Wyckoff v. Mogollon Health Alliance, 667 Ariz. Adv. Rep. 26 (App. Div. II, August 22, 2013) (J. Ekerstrom)
IN TOXIC MOLD CASE THE STATUTE OF LIMITATIONS ACCRUES WHEN PLAINTIFF EXPERIENCES PHYSICAL SIGNS OF ILLNESS, KNOWS SHE WAS EXPOSED TO MOLD AND KNOWS THAT MOLD MAY PRESENT A HEALTH HAZARD
Plaintiff discovered mold in her workplace and became sick. Subsequent to leaving her employment, plaintiff brought a premises liability action against the owner of the building where she worked. Subsequent to her retirement she saw several doctors and received conflicting reports as to whether or not mold was the cause of her symptoms. The trial court granted the defendant summary judgment based upon the running of the two year statute of limitations and the Arizona Court of Appeals affirmed.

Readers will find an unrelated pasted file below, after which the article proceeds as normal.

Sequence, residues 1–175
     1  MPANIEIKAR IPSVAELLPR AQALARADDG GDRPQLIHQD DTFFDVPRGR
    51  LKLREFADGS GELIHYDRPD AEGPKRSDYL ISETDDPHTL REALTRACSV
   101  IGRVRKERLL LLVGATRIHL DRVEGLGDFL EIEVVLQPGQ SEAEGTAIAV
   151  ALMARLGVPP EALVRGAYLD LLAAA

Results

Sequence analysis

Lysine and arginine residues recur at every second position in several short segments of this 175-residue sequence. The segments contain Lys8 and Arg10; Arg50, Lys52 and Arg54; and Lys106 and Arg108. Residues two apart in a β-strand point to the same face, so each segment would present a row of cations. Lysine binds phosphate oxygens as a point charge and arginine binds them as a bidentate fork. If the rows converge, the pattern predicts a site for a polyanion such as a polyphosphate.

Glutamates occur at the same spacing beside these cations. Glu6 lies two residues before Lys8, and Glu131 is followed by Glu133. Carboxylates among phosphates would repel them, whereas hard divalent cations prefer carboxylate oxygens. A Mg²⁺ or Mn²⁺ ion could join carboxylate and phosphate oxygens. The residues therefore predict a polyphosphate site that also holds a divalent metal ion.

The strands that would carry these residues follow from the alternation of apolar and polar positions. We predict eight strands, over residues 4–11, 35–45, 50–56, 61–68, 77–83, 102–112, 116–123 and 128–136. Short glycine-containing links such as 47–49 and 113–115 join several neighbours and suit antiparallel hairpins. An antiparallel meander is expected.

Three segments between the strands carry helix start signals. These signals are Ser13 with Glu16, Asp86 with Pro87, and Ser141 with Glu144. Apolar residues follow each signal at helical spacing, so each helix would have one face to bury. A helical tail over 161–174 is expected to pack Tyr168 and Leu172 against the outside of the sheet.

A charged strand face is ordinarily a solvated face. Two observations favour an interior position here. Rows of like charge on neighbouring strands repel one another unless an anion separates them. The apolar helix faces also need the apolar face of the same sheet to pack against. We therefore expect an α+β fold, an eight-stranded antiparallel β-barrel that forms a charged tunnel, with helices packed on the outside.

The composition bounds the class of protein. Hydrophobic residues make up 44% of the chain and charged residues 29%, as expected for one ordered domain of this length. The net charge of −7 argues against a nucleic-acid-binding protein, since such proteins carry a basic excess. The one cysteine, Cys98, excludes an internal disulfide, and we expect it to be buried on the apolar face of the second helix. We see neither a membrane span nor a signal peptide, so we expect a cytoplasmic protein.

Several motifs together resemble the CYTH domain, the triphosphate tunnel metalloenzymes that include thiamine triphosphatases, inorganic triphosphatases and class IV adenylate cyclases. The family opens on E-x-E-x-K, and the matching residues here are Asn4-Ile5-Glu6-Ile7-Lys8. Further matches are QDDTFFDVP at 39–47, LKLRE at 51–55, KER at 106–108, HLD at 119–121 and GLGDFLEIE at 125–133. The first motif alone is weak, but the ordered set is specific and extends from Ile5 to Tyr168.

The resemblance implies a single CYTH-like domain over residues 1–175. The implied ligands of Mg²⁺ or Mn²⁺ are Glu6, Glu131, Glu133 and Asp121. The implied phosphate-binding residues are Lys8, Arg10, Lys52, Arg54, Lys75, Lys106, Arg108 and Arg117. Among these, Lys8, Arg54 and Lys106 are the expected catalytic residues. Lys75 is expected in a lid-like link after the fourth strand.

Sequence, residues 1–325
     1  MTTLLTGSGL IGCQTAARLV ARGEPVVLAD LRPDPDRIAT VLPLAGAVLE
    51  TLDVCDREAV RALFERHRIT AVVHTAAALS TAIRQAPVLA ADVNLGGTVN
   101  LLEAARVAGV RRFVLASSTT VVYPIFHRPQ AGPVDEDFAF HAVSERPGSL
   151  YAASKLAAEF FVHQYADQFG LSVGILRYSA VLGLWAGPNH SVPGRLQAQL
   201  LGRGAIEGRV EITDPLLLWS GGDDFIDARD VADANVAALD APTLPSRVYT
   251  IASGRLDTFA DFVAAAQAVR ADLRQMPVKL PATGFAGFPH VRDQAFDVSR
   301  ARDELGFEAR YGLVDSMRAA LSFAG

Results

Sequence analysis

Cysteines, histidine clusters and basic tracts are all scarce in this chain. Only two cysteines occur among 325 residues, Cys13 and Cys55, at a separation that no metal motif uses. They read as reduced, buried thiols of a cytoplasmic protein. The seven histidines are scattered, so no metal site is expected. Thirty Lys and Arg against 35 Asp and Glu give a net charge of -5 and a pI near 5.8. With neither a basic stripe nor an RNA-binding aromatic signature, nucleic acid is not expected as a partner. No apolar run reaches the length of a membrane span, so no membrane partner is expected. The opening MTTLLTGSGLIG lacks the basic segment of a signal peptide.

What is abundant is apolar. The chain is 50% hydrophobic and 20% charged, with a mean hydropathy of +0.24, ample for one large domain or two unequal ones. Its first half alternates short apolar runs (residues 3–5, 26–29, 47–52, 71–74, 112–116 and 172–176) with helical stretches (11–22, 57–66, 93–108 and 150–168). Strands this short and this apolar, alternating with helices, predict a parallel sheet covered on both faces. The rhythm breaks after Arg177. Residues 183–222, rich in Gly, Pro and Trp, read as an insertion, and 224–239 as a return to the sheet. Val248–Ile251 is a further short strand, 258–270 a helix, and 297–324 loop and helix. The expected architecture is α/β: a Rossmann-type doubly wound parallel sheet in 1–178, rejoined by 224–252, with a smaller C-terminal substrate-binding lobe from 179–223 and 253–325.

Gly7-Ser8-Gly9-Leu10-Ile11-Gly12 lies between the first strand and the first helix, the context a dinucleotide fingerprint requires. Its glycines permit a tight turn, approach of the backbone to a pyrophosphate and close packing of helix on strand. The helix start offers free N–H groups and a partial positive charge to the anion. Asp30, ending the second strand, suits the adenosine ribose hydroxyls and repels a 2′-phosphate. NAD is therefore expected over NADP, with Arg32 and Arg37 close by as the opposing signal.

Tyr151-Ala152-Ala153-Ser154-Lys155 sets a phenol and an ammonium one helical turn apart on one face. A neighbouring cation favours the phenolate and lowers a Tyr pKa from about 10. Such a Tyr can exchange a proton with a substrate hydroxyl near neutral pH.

The court of appeals found that the policy behind a statute of limitations is to protect defendants from stale claims, lost or destroyed evidence and failing memories. Further the statute of limitations is designed to encourage plaintiffs to exercise due diligence in investigating and determining the existence of claims so that their claims can be brought timely. Here the plaintiff "was experiencing physical symptoms, aware of the presence of mold, knew that mold was dangerous, and suspected that the mold could be the cause of her illness" before she retired yet did not bring suit until over two years after retirement. Despite the difference in medical opinions she received as to the cause of her symptoms plaintiff did not relinquish her belief she had been injured by the mold and ultimately received a medical opinion from a specialist that there was a causal connection between her illness and the mold. Hence, once a toxic mold plaintiff experiences symptoms knowing she has been exposed to mold, that mold can be dangerous and reasonably suspecting a causal link, the statute of limitations has accrued.